How an Afghanistan HR Leader Uses Skills from Our Mentoring and Leadership Workshop

World Affairs Council Off 226
Zarghoona Aslami

Zarghoona Aslami
HRMIS /CSMD/IARCSC

I work with the Independent Administrative Reform and Civil Service Commission (IRCSC) in Afghanistan. My agency creates change in the civil service administration. Our main role is recruiting senior-level civil servants around the country. As a policy maker, we create the laws and policies for all ministries /civil servants agencies. We also offer government employees and university graduates training in communication, English, management, leadership, computers and others. For example, the Gender Training Center teaches women how to write a resume, answer interview questions and prepare for a career. Eventually, I hope to rise to a senior leadership position in the Afghanistan government. In a decision-making role, I would like to revamp the traditional, male-dominated society and end women’s battles to gain freedom and other basic human rights.

Why I Attended the Workshop
I wanted to build my leadership and mentoring skills by attending the workshop “Women as Political Leaders.” Since then, my views about management and leadership have changed. For me, the key learning outcomes included how to plan and manage a program and handle problems. The workshop also stressed the importance of listening, offering encouragement, and talking with more confidence in meetings.

Zarghoona Aslami leads HR leadership meeting

I lead the meetings for HR Managers from all ministries and agencies.

Networking Streamlines My HR Activities
Before the workshop, I had only used Google+, LinkedIn, and Facebook to network for personal use. But the workshop promoted online networking as a rich, trustworthy resource. Now, I use them to work with leaders, HR managers, IT specialists, and other professionals. For example, HR management systems are just entering Afghanistan, and so few experts exist in my area. With LinkedIn, I have met other HR professionals who have provided feedback on these systems and insight on the various brands. I learned how businesses use these to streamline their HR activities. I also joined some LinkedIn groups for IT professionals where members are working on their government’s Internet infrastructure. Finally, I created a Facebook page where our members can share information.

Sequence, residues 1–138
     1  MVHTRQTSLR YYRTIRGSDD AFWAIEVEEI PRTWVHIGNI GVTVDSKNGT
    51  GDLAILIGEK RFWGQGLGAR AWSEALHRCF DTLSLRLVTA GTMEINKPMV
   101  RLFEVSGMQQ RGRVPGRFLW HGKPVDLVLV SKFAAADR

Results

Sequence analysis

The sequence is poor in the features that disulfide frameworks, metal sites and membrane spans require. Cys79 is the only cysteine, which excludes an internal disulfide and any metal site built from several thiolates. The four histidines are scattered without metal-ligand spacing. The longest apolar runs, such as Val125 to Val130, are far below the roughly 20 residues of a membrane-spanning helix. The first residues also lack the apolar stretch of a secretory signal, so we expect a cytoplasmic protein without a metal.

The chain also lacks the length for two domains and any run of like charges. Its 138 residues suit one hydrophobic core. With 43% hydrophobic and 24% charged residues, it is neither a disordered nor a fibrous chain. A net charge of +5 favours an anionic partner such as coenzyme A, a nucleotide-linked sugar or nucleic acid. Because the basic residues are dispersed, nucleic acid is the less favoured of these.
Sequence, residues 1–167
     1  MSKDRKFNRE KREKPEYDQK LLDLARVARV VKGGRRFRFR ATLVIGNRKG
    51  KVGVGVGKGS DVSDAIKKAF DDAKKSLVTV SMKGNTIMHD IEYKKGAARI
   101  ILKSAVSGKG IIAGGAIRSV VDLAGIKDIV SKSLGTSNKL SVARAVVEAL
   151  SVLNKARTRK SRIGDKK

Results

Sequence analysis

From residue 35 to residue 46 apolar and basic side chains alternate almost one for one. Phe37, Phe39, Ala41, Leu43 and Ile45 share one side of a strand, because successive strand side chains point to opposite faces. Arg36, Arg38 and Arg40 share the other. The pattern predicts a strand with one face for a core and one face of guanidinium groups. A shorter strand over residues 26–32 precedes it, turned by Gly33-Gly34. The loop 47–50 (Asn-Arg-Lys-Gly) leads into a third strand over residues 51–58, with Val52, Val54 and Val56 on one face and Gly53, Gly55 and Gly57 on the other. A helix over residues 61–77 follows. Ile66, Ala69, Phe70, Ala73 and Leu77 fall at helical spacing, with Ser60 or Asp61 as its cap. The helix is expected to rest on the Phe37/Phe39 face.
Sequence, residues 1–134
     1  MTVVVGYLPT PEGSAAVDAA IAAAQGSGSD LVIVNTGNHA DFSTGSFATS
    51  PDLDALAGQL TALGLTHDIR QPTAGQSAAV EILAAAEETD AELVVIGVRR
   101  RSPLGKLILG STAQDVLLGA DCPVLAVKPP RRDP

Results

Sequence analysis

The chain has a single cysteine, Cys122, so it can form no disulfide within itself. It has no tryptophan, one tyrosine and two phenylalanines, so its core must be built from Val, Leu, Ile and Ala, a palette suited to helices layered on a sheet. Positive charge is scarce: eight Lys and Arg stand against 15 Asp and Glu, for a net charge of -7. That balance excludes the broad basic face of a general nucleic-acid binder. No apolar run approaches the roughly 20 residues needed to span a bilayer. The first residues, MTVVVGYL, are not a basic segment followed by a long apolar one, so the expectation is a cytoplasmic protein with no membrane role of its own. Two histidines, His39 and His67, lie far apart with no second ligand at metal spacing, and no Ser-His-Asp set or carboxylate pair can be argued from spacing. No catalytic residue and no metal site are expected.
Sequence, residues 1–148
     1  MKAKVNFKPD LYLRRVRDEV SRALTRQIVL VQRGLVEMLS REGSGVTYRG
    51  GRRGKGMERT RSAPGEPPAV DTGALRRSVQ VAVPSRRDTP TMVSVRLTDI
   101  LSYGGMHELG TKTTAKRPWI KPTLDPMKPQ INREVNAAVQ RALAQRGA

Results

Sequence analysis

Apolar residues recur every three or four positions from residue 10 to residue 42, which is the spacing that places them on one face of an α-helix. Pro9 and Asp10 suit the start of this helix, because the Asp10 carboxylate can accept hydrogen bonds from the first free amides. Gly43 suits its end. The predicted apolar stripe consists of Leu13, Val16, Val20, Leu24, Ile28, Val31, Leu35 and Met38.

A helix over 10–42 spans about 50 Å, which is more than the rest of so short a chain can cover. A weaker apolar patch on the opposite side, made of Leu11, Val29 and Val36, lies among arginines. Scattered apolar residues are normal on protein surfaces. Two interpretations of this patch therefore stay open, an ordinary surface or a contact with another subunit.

At the workshop, a woman from Microsoft told me how they use their Management Information System. It was interesting to hear how a global company does it.

ZarghoonaAslami_team

Thanks to the workshop, I feel comfortable training a staff of mostly men.

How I Learned to Train My Staff

Using the information from the workshop and other professionals, I started a three-day program to train my human resource officers. The goal is to teach all the HR officers and Managers on how to use the Human Resource Management Information System (HRMIS) countrywide. In my ministry, the men outnumber the women but everyone shows me respect. I am knowledgeable, treat people fairly and follow traditional practices. For example, I wear long skirts and big scarves and talk in the official languages of Dari and Pashto.

My Family Supports Me
I feel fortunate that my immediate and extended family supports my passion. My father, who studied in the U.S. and traveled extensively, has always promoted education. He has encouraged all his children to use their talents to serve others and their country. As the household decision-maker, my father has played a critical role in launching my career. My mother, who also has formal education, provides tremendous support. My champion, she continues to inspire and push me beyond limits.

About the Attendee
Ms. Zarghoona Aslami, HRMIS /CSMD/IARCSC, is the acting director of the Afghan government’s Human Resources Management Information System. She leads 30 staff members. The team rolled out a new human resources database system in 30 agencies that improved the ability to track and manage employees. Ms. Aslami also provides training and customer service support to individual ministries. She has developed a five-year plan to complete and install the system in all ministries and in all provinces.

Learn more about the World Affairs Council’s International Visitor Program here.

To view this story as a PDF file, please click here.

 

Our Blog

Articles

Fast Facts

Women entrepreneurs contribute significantly to innovation, competition, and job creation while strengthening the local and world economy. In the U.S., women own over 10.1 million firms compared to 8.6 million in 2013. Employing over 13 million people, they generate $1.9 trillion in sales.
View more facts about women entrepreneurs.
(Source: U.S. Census)